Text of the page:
52. -. Same title, review copy. Fine in fine dust jacket and extremely scarce thus. The nicest copy we have seen.

53. -. Same title, first English edition (London: Hamish Hamilton, 1958). Fine in near fine dust jacket. Uncommon.

54. BROWN, Larry. Facing the Music. Chapel Hill: Algonquin Books, 1988. His first book, a collection of stories. Fine in fine dust jacket and signed by the author.

55. BROWN, Rosellen. Some Deaths in the Delta. (n.p.): U. of Massachusetts Press (1970). Her first book, a collection of poems. This is the hardcover issue. Warmly inscribed by the author to another writer in 1976: "For _____ and ______./ My south, which was/ probably very different/ from your south: some/ easy poems even a/ narrow-minded old story-/ writer, set in his ways,/ will understand./ Rosellen/ May 1976." Fine in a spine-faded, very good dust jacket with an edge tear near the upper front spine fold. A fairly uncommon book and a nice literary association.

56. -. Another copy, unsigned. Fine in a near fine dust jacket.

57. BROWN, Rosellen. Street Games. Garden City: Doubleday, 1974. Her first book of fiction, a collection of stories. Warmly inscribed by the author to a well-known writer and his wife: "For ______ and _____,/ For such whole-hearted/ listening and such generous/ approval -- THANKS seems/ a tiny word./ Rosellen/ May 1976." Edge fading to cloth; near fine in very good dust jacket with minor wear at and near the spine extremities. A nice inscription and an excellent association.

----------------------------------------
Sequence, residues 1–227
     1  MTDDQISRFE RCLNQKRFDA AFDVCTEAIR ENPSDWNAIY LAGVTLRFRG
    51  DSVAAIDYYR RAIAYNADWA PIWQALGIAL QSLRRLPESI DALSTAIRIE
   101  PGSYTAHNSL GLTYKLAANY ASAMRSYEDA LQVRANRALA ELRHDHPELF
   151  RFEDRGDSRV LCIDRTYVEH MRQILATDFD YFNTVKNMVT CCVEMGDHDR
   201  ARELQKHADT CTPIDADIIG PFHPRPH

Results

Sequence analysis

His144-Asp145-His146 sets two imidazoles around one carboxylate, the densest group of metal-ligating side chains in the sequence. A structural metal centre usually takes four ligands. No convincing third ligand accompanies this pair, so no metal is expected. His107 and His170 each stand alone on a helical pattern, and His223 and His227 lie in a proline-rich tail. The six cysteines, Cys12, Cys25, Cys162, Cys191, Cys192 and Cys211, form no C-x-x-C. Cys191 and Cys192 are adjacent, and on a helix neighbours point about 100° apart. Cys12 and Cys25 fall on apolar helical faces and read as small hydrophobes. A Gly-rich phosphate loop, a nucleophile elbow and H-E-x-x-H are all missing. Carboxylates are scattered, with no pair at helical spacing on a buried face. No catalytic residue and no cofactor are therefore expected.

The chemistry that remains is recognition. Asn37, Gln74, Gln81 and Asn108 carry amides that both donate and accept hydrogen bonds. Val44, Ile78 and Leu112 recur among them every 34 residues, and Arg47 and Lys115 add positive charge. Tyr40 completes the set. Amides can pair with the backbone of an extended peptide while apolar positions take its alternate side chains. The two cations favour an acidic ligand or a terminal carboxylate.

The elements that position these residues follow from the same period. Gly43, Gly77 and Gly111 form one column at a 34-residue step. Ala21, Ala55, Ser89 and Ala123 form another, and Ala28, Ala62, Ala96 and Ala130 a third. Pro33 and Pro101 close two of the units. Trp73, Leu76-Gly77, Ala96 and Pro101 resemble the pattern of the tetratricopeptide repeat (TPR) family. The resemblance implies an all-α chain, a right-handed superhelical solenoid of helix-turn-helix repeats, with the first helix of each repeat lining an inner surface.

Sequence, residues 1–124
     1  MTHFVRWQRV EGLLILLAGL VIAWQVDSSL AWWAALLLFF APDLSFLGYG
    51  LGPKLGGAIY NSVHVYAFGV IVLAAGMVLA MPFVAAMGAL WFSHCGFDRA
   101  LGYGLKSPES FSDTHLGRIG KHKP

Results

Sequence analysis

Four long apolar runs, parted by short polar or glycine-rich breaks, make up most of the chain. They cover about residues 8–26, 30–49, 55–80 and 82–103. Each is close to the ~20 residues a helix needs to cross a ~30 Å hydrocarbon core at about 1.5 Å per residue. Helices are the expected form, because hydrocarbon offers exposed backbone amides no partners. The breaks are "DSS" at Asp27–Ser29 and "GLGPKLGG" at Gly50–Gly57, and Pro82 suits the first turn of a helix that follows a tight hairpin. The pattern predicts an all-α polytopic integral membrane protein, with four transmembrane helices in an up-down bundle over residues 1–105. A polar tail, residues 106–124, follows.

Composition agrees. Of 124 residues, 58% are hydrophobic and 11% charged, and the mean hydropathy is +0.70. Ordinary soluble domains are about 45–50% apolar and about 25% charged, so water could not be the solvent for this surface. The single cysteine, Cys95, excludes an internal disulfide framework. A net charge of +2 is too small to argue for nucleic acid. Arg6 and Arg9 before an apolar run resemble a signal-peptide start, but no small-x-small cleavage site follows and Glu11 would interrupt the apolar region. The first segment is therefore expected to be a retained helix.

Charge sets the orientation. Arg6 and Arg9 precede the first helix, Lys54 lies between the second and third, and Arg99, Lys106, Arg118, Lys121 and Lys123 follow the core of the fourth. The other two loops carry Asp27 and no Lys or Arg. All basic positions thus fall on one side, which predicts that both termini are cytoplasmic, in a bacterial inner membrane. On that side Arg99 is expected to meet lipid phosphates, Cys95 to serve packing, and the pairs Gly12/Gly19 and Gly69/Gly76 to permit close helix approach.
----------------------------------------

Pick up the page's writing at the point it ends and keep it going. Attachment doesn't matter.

58. BRUCE, Lenny. How to Talk Dirty and Influence People. (Chicago): Playboy Press (1965). Autobiography of the comedian who redefined standup comedy in the Sixties, giving it a social relevance it had previously shed. One corner bump; else fine in a near fine dust jacket. A particularly nice copy of a moderately scarce book.

59. BUKOWSKI, Charles. 20 Tanks from Kasseldown. (n.p.: n.p., n.d.). Bukowski's first separate publication, a broadside originally published as part of Black Sun Press Portfolio III, in 1946, in an edition of 1000 copies. Precedes his next separately published work by 14 years. 12" x 16", both sides. One spot upper corner, not affecting text. Near fine. A nice copy of an uncommon, early piece by Bukowski, the consummate street poet.

60. BUSCH, Frederick. I Wanted a Year Without Fall. London: Calder & Boyars (1971). The author's first book--a novel which has never been published in the U.S. despite his now having had a dozen or so books published here. Minuscule foxing to top edge; else fine in fine, price-clipped dust jacket. Uncommon.

61. BUTLER, Robert Olen. Alleys of Eden. NY: Horizon (1981). First edition of the Pulitzer Prize-winner's first book, a highly praised novel of the ending and aftermath of the Vietnam war--themes that have continued to run through his writing since, including his award-winning story collection. Although Butler's early books were universally praised by reviewers, they enjoyed little commercial success, in part because the first three were published by a small publisher on the brink of bankruptcy. Fine in a fine dust jacket. A beautiful copy of a first book that has become quite scarce, especially in such condition--the unlaminated blue dust jacket being easily susceptible to rubbing and wear.

62. -. Another copy. Fine in fine dust jacket with trace rubbing to the front flap fold. Again, an very nice copy of a book that is scarce in such condition.